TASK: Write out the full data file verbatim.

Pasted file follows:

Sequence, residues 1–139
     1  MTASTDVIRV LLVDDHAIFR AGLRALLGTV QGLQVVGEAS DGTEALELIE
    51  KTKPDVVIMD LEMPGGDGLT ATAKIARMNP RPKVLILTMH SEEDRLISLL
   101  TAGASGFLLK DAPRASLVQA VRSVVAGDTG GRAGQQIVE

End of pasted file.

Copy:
Sequence, residues 1–139
     1  MTASTDVIRV LLVDDHAIFR AGLRALLGTV QGLQVVGEAS DGTEALELIE
    51  KTKPDVVIMD LEMPGGDGLT ATAKIARMNP RPKVLILTMH SEEDRLISLL
   101  TAGASGFLLK DAPRASLVQA VRSVVAGDTG GRAGQQIVE